Laura Gascoigne: It’s Not The Winning, It’s The Making Art – July 2017

Last month a new sort of museum opened in Sweden. The brainchild of psychologist Dr Samuel West, the Museum of Failure in Helsinborg is an unnatural history museum of commercial

fossils, a repository of innovative products that flopped. “The majority of all innovation projects fail,” its website announces cheerfully, before expressing the hope that showcasing “interesting innovation failures” /* 9-970x90 */ will “provide visitors with a fascinating

don’t get to

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be the artist of the deal without a modicum google_ad_width = 970; of psychological acuity. In the case of the other /* xin2 */ sort of


artist //--> – the artist of the non-deal, if you like – a ‘lot of

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people’ means almost everyone.

What is wrong with artists? Or, looked at another way, google_ad_height = 90; what is right with them? Unlike the general population of downtrodden drudges who cling mindlessly to a belief in the survival of the fittest, artists are highly adaptable creatures. Their work may be headed for the landfill fossil layer but they persist in looking on the bright side of extinction. It’s an attitude that, after the last financial crash,

prompted a number of artist-led projects pointing //--> out the plus side of failure.
Kettle’s Yard led the way in June 2009 with a one-day symposium ‘On not knowing: how artists think’, which examined “how artists formulate

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strategies of
not knowing and use the states of ignorance, doubt, block and failure within their decision-making process.” For
those whose decision-making back-up systems also failed, in 2010 the South London Gallery proposed a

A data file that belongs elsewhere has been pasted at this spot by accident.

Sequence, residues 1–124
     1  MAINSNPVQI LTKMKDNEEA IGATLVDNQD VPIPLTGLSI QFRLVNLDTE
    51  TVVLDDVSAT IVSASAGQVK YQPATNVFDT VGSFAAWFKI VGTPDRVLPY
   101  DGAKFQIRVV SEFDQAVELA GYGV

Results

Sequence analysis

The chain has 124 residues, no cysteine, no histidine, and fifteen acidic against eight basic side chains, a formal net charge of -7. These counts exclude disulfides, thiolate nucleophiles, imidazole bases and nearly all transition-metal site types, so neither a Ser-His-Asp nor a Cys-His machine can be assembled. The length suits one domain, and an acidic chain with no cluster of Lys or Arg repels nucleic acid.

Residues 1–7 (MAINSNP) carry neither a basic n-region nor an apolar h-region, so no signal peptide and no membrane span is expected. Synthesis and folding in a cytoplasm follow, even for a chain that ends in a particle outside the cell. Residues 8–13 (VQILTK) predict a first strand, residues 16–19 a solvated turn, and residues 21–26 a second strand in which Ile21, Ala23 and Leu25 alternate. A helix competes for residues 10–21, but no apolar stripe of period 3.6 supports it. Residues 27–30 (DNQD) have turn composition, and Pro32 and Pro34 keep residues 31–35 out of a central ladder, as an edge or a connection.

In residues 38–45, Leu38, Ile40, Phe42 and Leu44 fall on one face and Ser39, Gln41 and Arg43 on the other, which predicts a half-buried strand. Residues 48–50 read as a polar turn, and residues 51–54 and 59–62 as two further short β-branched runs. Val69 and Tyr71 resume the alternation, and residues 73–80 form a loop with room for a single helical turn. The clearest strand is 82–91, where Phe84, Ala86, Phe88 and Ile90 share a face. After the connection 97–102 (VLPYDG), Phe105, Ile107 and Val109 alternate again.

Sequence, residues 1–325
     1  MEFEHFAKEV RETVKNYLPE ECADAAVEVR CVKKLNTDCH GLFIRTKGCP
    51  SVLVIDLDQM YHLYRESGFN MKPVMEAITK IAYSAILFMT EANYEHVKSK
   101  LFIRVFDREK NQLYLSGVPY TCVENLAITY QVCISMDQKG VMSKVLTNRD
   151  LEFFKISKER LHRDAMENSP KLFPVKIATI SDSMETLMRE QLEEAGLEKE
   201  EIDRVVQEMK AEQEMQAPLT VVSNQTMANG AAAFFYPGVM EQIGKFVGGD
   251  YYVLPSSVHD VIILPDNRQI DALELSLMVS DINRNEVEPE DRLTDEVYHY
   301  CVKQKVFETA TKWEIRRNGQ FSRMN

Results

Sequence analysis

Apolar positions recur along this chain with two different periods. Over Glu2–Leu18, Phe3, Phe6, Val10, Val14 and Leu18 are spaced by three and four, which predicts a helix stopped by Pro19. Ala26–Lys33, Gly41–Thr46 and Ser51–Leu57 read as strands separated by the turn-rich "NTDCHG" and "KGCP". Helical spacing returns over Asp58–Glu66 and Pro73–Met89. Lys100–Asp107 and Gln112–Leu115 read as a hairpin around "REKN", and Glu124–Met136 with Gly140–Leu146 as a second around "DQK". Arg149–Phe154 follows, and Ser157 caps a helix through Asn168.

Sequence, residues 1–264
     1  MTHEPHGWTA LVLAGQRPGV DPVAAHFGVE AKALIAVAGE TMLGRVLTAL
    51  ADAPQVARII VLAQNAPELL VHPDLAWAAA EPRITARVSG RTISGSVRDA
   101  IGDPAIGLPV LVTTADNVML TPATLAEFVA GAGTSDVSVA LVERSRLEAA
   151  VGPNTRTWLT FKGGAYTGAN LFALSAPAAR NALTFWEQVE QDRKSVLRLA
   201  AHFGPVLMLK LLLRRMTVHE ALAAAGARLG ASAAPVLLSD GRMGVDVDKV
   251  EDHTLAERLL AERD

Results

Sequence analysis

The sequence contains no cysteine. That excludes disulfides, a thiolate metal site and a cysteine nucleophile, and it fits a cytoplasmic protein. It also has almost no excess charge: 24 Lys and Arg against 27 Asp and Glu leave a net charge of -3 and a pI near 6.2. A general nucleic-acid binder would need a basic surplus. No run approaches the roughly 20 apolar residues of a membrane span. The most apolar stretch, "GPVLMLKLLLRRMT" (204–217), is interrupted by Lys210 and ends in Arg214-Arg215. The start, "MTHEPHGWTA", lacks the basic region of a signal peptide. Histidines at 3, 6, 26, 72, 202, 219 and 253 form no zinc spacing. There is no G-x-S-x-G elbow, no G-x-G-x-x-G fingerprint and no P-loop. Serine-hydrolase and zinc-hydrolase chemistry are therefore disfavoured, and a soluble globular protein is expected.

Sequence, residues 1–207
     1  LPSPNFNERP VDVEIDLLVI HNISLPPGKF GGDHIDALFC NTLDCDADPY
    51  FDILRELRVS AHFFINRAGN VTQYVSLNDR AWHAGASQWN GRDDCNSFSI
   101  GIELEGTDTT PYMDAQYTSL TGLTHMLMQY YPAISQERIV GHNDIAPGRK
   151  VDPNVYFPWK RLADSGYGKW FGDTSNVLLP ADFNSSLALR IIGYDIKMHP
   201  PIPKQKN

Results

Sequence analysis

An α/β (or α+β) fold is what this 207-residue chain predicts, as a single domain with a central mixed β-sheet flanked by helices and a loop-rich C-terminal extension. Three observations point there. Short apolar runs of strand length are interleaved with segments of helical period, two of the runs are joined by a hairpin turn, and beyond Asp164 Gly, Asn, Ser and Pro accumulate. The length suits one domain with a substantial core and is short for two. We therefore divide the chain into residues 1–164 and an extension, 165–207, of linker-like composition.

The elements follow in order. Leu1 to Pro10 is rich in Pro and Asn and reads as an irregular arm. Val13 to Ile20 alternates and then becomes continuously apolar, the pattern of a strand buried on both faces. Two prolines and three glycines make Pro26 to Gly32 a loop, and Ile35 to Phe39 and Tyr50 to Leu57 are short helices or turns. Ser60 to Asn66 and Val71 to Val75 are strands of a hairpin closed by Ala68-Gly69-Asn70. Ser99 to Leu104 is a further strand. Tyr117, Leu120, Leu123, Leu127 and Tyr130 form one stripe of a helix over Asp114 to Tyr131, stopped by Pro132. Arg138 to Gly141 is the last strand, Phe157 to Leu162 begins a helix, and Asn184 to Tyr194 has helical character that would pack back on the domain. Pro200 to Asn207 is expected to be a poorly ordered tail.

final solution of dumping their work in Michael Landy’s Art Bin and becoming part of “a monument to creative failure” to be buried, with due ceremony, in


a landfill site.

This was too negative for Manchester’s Cornerhouse, which came up with a more positive offer. Their 2010 exhibition Unrealised Potential, curated by the interestingly-named Mike Chavez-Dawson, presented a selection of artists’ unfulfilled proposals to gallery visitors and offered the rights to their realisation for sale. Whether any business resulted is unclear. Some of the ideas were certainly

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appealing, though logistically challenging. The one I liked best was Simon google_ad_client = "ca-pub-3967079123942817"; Paterson’s International Heroes, a
foreign exchange programme for equestrian statues whereby town squares could swap their
resident stiffs on horseback for stiffs on horseback from other town squares – a
farsighted if impracticable idea that, post-Brexit, would have added greatly to the gaiety of nations while proving that Britain always remains open to stiffs. Slightly more workable was Harry Hill’s proposal, in a follow-up exhibition at
Cornerhouse in 2011, ‘To recreate George Cruikshank’s The Worship of


Bacchus using known alcoholics’, though it would have called for greater organisational part of artistic genius consists in knowing how to capitalise on it. If it hadn’t been for Giacometti’s endless admissions of failure the public would never have taken him to

their hearts. It’s not true that everybody loves a winner. It google_ad_slot = "7160667483"; may seem like that while the champagne flows, //--> but the truth (sorry Trump) is that losers are usually more likeable in their lifetimes
and always more likeable after their deaths. If Van Gogh had sold more than one painting in his lifetime, would his personality hold the same appeal for posterity? In life he was smelly, argumentative, wonky and drunken, the very definition of a loser who didn’t like to win and deep inside didn’t want to. In death


his failure made him a huge success.

Before Brexit turns the Channel into a cultural chasm, we British losers could learn from our continental brethren who understand how to do failure in style. Take the French artist Jules Berthier, who elevated failure to the ‘art of fiasco’ with his 2007 nautical

installation Love-love in which he sailed a broken yacht with a wonky keel at a permanently sinking google_ad_client = "ca-pub-3967079123942817"; angle of 45 degrees along the coast of Normandy. Bravo, Jules! With a post-Brexit recession in the offing src="//"> and the lowest productivity figures of any leading western src="//"> economy, we can look forward to a resurgence of the art of
failure. Sod the productive strivers, hail the creative skivers! It’s not the winning, it’s the making art.

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/> The Jackdaw Jul/Aug 2017

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